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20/20

by Lindsay Denton

I first realized there might be something wrong with my vision in sixth grade. My teacher, Mrs. Bullock, had switched up the seating chart, and I ended up on the back row next to a black-haired boy named Alan. Boys still had cooties in those days, but I had to breach the taboo when I noticed something odd. Mrs. Bullock was standing at the chalkboard, her wrist moving smoothly, producing her signature curlicue script, except…

“Is the chalk broken?” I hissed. Alan looked at me blankly. “The chalk!” I said. “There’s nothing coming out of it!” Alan continued to stare. Looking back, I’m not sure if he was afraid of my cooties or if he just thought I was stupid.

Finally, he said, “Uh, the chalk is fine.” He turned towards the front with an eye-roll. I followed suit, staring intently at the blank green board and wondering if I was the victim of an elaborate prank the rest of the class was somehow in on.

I waited for the teacher to sit at her desk before timidly making my way to the front of the room. Several rows up, thin white lines appeared on the board. A few steps further and the lines twisted themselves into legible script. I was unnerved. Moments later, an understanding Mrs. Bullock switched me to the front row.

I didn’t think much of the incident until a couple weeks later when it was time for school-wide vision screening. I was nervous as I stood in line waiting for my turn to read off the pyramid of letters. I took the proffered cardboard circle, held it over my right eye, toed the line and said, “E.”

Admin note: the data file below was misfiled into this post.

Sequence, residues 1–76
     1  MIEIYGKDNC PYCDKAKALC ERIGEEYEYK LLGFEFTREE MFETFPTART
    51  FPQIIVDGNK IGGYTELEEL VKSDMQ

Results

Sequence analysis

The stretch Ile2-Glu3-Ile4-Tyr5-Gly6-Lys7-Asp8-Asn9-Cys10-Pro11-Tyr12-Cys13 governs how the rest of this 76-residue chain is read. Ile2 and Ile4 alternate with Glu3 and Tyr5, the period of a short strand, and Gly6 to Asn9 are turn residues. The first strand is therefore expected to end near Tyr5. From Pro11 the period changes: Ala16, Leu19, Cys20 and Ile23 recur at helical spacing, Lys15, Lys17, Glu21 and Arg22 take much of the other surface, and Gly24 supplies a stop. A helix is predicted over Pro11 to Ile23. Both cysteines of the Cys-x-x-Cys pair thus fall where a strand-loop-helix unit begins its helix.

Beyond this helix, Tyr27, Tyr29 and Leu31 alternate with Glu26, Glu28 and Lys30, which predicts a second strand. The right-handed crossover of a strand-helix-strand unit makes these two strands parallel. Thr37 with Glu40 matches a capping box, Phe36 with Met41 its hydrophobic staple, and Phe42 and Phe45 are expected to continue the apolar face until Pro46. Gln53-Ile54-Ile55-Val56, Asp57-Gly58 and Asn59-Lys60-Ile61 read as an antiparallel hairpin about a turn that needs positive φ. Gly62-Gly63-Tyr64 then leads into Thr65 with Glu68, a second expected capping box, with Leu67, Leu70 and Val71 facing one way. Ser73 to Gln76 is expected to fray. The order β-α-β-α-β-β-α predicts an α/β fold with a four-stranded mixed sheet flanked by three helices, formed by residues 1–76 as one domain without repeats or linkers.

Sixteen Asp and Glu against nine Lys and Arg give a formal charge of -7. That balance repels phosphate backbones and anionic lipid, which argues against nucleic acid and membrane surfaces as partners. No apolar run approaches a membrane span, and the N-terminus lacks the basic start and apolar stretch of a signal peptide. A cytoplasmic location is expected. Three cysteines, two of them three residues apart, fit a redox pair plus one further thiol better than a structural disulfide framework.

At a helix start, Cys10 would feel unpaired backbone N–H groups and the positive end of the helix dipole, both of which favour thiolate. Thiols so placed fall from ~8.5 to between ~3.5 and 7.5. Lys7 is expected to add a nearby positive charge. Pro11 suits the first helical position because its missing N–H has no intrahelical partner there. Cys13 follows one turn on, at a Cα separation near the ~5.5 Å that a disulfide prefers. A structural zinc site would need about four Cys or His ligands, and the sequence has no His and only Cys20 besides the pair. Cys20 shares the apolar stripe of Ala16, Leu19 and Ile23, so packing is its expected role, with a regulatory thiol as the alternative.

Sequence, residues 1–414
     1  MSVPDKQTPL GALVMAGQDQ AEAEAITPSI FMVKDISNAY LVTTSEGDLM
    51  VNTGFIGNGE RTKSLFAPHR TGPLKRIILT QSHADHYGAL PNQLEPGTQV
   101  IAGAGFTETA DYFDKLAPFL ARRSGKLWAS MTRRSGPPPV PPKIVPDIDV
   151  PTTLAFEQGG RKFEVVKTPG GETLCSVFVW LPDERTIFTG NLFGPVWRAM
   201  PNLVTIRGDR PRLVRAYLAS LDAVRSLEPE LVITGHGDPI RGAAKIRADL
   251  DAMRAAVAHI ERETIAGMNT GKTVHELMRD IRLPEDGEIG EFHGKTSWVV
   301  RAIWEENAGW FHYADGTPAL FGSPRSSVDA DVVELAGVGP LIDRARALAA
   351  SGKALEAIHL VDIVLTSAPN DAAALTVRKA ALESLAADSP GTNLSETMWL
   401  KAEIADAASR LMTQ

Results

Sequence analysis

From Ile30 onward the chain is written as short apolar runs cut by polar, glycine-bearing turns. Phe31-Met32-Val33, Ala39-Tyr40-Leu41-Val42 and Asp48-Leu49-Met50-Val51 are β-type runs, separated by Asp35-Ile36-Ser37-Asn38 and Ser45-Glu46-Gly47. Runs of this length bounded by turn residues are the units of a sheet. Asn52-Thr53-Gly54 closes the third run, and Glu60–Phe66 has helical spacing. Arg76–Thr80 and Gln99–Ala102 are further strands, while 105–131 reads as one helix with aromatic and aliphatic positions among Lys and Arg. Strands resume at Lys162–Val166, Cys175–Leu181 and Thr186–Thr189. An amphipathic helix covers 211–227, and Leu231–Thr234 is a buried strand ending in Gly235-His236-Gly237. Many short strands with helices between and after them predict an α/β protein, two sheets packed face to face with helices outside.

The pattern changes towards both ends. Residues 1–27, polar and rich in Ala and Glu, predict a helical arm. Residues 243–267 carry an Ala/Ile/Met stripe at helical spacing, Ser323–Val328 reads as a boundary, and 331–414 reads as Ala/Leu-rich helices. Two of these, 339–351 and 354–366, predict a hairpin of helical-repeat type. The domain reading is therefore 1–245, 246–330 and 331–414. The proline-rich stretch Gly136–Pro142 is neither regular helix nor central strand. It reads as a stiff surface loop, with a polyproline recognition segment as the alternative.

“Good,” the man said. “How far down can you go?”

I hesitated, my eye trying to make sense of the fuzzy tangle of black shapes. “Well, the next line looks like P and… S?”

He frowned.

Next thing I knew, I was at the end of another line–the line for the kids who failed the screening. I felt ashamed and embarrassed as I watched the rest of my peers troop back to the classroom.

A few weeks later, my mom set up an eye appointment for me. I still remember trying on my glasses for the first time. I stood in the optometrist’s office and glanced out the window at an adjacent empty lot.

“There are clods of dirt and tiny little rocks all over the ground!” I exclaimed. “And individual leaves on the trees!” It was surreal–I’d had no idea what I was missing. There was a whole new layer of definition to the world that I’d been completely ignorant of.

#

There are times when I take off my glasses at night as my husband drives. Every light we pass is a swollen, twelve-pointed sphere with the symmetry of a snowflake. I’m surrounded by colorful globes springing from taillights, stoplights, and streetlights. I feel blind, but warmed.

I love sharp, crisp lines of black and white – to see things as they are. But sometimes, surrounded by starkness, I miss the seamlessness of blurred outlines and swirling shades of grey.

One of my favorite things each holiday season is to take out my contacts and sit in the dark in front of our lit Christmas tree. Each tiny colored bulb swells into a large, brilliant orb, the ethereal spheres hung like ornaments in the air. There is something transcendently beautiful about the softness of it.

God is in the details, they say, and I’ve seen the truth of that with both physical and spiritual eyes. But God is also in a blanket of muffling snow, in a muted grey sky, in the creamy bokeh behind a sharply focused image.

Becoming an adult, losing childhood naiveté, has been refreshing in some ways, like putting on a pair of glasses I didn’t know I needed. Still, though, I sometimes miss going through life in a rosy haze, seeing the world without its sharp angles or harsh contrasts, each pinprick of light something delicate, gauzy, beautiful.

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